BHP’s deluxe Mulla Mulla camp could be blueprint for future mining camps
For mining companies that have had trouble attracting workers, especially those willing to do fly-in, fly-out (FIFO) duty, drastic measures may be in order. For BHP, the answer is a $150 million addition to the Mulla Mulla camp at their South Flank iron ore site in the Pilbara.
The Mulla Mulla camp opened in August of this year and features many of the comforts of home. There’s a three-storey cafe, a CrossFit gym, a library, a virtual golf course, a kitchen for cooking demonstrations, an entertainment stage, a swimming pool, and tennis and basketball courts. Each worker will have private accommodation with a private bathroom, air conditioning, and high-speed internet connection. Situated 130 kilometres from Newman, Mulla Mulla will be a town in and of itself. More importantly, it might just feel like home.
Edgar Basto, BHP’s head of iron ore in Western Australia, said health and wellness were at the forefront in the design of Mulla Mulla, which will house 600 workers in ongoing roles by 2025, with a hoped for 50-50 split of men and women. The South Flank mine should begin pulling iron from the ground in 2021 and create 9000 jobs over a 25-year life span. “Our aim was to set a new standard for FIFO,” Basto told the Sydney Morning Herald.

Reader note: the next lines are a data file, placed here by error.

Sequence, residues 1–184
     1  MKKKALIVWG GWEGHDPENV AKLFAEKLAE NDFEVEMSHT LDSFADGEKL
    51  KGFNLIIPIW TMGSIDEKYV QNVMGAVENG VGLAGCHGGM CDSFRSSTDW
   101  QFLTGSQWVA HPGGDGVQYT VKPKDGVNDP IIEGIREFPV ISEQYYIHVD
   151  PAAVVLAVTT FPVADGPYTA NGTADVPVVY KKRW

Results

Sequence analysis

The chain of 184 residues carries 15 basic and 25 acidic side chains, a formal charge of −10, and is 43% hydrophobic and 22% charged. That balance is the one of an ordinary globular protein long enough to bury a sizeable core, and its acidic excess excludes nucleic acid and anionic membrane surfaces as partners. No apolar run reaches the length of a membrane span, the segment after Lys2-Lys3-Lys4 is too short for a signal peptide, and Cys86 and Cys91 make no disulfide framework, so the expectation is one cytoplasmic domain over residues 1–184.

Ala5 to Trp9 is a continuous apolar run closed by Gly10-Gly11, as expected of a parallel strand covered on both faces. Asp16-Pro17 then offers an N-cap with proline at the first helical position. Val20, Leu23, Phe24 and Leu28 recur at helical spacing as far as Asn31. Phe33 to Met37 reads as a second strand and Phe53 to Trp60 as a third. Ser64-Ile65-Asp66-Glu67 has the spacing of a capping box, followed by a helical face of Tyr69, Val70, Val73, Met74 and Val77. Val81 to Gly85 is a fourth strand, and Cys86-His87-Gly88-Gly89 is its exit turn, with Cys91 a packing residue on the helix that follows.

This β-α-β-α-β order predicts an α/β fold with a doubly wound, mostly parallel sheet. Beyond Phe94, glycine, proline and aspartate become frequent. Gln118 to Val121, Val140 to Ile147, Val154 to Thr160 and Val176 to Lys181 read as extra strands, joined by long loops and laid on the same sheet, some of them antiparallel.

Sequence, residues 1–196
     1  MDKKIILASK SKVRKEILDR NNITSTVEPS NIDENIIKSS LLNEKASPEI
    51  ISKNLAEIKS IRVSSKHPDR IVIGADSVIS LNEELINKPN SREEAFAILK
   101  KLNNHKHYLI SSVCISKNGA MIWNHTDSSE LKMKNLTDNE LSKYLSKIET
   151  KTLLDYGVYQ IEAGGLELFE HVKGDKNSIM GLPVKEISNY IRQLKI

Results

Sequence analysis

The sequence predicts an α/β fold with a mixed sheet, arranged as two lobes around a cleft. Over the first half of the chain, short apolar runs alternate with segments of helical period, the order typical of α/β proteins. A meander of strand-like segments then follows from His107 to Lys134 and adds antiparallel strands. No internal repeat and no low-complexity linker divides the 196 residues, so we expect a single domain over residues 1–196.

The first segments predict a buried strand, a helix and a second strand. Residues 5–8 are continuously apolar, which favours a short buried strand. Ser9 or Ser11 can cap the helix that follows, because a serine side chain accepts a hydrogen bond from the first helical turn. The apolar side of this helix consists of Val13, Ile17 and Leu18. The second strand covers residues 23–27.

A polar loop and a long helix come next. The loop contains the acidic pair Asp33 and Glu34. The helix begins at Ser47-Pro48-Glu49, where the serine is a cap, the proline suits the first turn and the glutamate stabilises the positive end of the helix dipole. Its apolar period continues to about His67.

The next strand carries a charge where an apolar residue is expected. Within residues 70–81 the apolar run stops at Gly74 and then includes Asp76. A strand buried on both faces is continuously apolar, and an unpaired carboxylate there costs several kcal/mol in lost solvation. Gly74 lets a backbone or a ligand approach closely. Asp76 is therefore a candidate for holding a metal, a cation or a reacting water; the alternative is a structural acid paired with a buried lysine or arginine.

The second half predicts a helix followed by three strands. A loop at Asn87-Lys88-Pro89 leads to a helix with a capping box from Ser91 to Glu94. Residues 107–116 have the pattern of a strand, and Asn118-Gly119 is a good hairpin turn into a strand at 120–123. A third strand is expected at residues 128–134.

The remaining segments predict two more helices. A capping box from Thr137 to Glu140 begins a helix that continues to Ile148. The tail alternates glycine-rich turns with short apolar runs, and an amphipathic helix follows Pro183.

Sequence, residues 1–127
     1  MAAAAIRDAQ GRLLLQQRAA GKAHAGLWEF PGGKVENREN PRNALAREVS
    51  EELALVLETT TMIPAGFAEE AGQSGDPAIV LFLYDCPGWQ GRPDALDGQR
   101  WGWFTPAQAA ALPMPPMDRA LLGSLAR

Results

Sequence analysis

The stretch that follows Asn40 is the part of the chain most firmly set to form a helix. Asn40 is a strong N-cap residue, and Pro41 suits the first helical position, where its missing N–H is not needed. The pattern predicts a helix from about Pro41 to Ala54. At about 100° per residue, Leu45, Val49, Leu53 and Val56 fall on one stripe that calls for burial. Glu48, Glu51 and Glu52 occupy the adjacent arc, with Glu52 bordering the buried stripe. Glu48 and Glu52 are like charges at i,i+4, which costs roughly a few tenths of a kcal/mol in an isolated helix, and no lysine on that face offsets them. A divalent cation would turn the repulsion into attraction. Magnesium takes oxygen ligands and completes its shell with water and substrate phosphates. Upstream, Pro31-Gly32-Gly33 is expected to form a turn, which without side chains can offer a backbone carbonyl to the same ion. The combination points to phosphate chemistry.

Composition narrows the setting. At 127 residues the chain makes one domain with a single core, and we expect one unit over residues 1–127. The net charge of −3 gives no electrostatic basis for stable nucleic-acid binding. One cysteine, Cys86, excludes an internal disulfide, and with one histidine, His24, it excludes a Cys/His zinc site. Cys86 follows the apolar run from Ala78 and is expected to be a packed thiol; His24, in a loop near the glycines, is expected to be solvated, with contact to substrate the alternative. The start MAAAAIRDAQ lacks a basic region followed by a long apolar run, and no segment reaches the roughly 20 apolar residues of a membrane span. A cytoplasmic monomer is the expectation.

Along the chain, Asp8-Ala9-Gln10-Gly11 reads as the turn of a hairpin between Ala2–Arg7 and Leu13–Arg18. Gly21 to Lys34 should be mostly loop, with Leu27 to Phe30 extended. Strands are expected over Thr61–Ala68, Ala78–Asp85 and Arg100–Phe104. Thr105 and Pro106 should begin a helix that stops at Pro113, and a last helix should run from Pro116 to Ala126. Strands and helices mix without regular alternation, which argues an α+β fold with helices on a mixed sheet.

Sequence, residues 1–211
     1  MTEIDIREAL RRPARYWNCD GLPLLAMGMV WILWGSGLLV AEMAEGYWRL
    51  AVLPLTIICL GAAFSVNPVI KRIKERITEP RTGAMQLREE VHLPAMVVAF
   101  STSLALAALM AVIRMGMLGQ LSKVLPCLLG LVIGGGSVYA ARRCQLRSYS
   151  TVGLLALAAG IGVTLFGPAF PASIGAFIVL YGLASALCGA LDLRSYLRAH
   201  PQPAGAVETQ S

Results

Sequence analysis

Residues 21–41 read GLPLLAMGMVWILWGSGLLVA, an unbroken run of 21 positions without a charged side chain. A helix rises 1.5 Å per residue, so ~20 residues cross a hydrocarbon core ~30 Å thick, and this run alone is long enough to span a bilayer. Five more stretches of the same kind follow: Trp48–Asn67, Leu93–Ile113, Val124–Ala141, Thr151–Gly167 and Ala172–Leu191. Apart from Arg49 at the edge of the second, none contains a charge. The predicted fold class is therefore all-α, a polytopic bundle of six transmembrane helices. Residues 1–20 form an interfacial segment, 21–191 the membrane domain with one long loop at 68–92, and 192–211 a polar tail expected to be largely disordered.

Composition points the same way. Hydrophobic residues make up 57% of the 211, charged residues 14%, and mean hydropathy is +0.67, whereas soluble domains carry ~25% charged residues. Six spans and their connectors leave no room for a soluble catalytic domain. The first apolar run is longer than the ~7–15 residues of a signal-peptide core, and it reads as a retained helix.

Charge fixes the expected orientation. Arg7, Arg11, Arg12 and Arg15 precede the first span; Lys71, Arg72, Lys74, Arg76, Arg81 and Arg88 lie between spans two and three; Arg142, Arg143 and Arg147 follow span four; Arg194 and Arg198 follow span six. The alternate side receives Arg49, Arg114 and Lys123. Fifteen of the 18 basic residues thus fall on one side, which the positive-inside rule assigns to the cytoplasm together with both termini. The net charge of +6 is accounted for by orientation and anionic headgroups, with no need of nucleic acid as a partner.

FIFO camps have been seen as isolating places where miners work long hours and have little to keep them occupied and in touch with home during their down time. This has led to fractured domestic relationships and suicides. “There’s no question that we need to pay attention to the mental health of fly-in, fly-out workers,” WA Mines and Petroleum Minister Bill Johnston said at Mulla Mulla’s opening. “That’s why the government is working with industry to have standards to make sure that we have good outcomes for workers’ mental health.”